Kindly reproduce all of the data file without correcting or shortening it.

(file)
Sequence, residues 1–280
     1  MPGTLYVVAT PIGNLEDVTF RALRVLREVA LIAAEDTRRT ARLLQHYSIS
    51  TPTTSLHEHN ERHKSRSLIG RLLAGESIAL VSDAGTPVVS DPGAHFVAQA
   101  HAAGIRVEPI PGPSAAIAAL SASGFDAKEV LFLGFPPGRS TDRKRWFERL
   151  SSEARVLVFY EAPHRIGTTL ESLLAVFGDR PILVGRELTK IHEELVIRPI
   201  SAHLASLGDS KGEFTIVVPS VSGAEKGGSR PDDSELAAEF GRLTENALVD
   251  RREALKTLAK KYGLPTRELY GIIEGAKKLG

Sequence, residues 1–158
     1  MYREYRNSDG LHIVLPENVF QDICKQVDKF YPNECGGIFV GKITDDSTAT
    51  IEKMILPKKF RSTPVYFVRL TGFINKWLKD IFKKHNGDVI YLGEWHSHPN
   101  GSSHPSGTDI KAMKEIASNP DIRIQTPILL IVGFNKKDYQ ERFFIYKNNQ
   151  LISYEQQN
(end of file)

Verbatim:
Sequence, residues 1–280
     1  MPGTLYVVAT PIGNLEDVTF RALRVLREVA LIAAEDTRRT ARLLQHYSIS
    51  TPTTSLHEHN ERHKSRSLIG RLLAGESIAL VSDAGTPVVS DPGAHFVAQA
   101  HAAGIRVEPI PGPSAAIAAL SASGFDAKEV LFLGFPPGRS TDRKRWFERL
   151  SSEARVLVFY EAPHRIGTTL ESLLAVFGDR PILVGRELTK IHEELVIRPI
   201  SAHLASLGDS KGEFTIVVPS VSGAEKGGSR PDDSELAAEF GRLTENALVD
   251  RREALKTLAK KYGLPTRELY GIIEGAKKLG

Sequence, residues 1–158
     1  MYREYRNSDG LHIVLPENVF QDICKQVDKF YPNECGGIFV GKITDDSTAT
    51  IEKMILPKKF RSTPVYFVRL TGFINKWLKD IFKKHNGDVI YLGEWHSHPN
   101  GSSHPSGTDI KAMKEIASNP DIRIQTPILL IVGFNKKDYQ ERFFIYKNNQ
   151  LISYEQQN